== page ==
A few weeks ago, I received an invitation to speak at an event called momondays Hamilton and I declined because the event charges admission.
In a break from my usual practice, I did decide to take a complimentary ticket to the December event to check it out.
Why? Curiosity in part, but also because I was interested to see what it entailed as the promoter, George MacPherson, is a new Hamiltonian trying to make something happen and I figured it wouldn’t hurt to see what the event was all about.
I also feel that as a long-time Hamiltonian (yes, I was born here, but I don’t like the term “native Hamiltonian” because it is exclusionary) with some influence, I should be open to supporting new events and ideas in the community.
Plus, there was little – if any – benefit to me for attending. If I were advising MacPherson, I wouldn’t give me a ticket, I’m known for my straight writing and definitely not for puff pieces.
I attended, I enjoyed parts of the night, and my conclusion:
I like the concept, MacPherson will make it work, and it will become a great monthly event as it grows.
There are a few tweaks needed including, in my opinion, price, format, and variety in speakers.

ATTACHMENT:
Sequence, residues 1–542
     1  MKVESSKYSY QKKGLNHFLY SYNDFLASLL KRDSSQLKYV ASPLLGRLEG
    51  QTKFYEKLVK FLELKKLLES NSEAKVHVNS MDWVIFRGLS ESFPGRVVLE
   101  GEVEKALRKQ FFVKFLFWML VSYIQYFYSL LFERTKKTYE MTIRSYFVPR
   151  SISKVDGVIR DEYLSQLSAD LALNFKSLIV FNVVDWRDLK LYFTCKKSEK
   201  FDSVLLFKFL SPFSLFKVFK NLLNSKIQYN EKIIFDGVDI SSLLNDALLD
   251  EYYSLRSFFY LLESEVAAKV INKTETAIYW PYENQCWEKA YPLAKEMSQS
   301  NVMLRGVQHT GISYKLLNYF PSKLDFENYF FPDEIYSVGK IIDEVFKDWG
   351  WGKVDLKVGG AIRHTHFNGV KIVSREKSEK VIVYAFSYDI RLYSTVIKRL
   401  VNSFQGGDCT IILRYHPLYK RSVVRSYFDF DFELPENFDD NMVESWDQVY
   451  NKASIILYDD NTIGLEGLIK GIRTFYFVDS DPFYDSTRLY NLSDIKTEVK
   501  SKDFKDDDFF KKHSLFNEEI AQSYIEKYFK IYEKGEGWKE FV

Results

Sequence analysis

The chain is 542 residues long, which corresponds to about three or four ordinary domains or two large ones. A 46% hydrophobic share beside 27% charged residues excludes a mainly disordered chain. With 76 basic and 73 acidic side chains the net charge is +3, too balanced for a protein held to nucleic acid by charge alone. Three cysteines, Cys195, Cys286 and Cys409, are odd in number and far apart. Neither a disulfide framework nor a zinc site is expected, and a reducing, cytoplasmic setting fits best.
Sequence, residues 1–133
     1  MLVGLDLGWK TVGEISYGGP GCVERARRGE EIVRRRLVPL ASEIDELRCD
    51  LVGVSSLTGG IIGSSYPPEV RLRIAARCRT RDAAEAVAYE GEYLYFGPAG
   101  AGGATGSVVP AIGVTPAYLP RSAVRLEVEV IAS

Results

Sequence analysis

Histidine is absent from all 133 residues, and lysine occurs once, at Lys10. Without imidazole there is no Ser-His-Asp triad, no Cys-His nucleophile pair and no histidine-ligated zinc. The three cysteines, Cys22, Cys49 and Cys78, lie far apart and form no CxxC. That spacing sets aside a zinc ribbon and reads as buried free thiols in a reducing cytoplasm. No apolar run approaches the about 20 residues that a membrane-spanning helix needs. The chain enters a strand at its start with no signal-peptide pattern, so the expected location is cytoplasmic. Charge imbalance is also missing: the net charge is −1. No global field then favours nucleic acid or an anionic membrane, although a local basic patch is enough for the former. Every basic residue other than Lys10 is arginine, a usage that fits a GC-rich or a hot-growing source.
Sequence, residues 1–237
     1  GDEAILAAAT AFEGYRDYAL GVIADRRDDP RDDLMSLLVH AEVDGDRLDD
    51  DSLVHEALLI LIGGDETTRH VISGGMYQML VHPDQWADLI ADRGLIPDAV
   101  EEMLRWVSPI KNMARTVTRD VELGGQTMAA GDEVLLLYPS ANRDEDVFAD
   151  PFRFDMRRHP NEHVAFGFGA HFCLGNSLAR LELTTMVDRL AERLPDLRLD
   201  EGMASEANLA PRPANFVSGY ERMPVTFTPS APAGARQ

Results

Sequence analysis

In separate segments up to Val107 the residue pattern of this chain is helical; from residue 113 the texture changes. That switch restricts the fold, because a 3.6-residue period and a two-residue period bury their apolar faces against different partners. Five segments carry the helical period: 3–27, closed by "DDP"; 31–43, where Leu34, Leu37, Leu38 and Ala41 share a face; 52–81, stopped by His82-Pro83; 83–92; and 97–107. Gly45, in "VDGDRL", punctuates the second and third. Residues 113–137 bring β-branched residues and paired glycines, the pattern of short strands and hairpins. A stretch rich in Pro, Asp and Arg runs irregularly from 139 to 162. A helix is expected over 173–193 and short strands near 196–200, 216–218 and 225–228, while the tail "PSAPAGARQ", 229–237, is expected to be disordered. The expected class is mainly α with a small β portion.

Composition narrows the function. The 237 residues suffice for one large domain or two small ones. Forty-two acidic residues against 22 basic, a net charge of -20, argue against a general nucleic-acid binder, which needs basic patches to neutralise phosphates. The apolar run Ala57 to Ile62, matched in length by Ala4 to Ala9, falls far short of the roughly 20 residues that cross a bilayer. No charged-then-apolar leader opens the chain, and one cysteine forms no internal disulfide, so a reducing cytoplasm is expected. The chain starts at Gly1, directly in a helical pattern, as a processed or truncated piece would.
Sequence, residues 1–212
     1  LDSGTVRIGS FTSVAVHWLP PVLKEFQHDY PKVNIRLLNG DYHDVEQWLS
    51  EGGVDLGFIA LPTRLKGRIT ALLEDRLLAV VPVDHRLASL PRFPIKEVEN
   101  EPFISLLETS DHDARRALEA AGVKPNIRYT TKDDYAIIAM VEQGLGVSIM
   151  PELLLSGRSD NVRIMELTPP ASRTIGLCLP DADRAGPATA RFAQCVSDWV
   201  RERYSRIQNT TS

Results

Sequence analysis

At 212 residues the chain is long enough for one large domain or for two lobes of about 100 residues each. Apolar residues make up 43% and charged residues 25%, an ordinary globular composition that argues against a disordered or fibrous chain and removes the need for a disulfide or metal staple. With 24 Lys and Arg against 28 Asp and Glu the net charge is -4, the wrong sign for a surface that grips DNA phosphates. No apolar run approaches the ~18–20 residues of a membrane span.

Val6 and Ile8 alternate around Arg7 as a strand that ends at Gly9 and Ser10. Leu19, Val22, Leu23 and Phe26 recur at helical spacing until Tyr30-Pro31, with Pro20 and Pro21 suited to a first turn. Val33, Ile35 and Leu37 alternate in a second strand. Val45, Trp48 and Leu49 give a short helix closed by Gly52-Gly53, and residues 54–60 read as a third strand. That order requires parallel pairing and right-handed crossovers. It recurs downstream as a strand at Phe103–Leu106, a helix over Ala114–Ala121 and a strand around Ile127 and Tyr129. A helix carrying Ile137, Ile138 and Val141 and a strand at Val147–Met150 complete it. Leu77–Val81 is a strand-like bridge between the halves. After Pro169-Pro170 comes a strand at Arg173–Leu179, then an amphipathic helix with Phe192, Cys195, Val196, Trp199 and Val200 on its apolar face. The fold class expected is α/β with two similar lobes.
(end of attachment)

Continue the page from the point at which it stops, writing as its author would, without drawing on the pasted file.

What is momonday’s?
It’s a speaking event where non-professional speakers get in front of a crowd and tell a story. It’s not toastmasters, it’s not a training venue, and it’s not amateur night at the local comedy club.
The current format is six to eight speakers over a couple of hours, once a month.
More on their website: http://www.momondays.com/hamilton/
Hamilton needs more Monday night events, there are a couple of regular events such as trivia night at Baltimore House, but if that’s not your thing, your options are limited. For political nerds like me, there’s the Hamilton-Wentworth District School Board meetings. With them now on YouTube, I often catch them on replay.
The speakers at momonday’s are not professional, for many, this is the largest audience they’ve ever addressed. This is an asset because these are speakers I wouldn’t hear otherwise, it makes momonday’s an unique offering.
Tailgate Charlies is a good venue for the event, right in the heart of the Downtown. I have to admit, I haven’t been in Tailgate for years and can’t remember ever being in the basement. It’s the perfect venue for a casual speaking event.
MacPherson was commanding as host with a good mix of levity and timing in his role as host of the event. I personally enjoyed when he made jokes about his adjustment to Hamilton and our unique localisms.
I haven’t met MacPherson previously and was reminded of the energy Dave Hanley of PopUp Hamilton brought into town when he was new to Hamilton and operating a Dishcrawl franchise.
In sum, the positives:
- Monday night event;
- Speakers you won’t hear elsewhere;
- Makes for a unique experience;
- Good venue in Tailgate Charlies; and
- Host George MacPherson manages the role well
What Needs Improvement
Keeping in mind this is a review and very subjective, here’s what I think needs improvement. The event is in its early stages, which means its rough.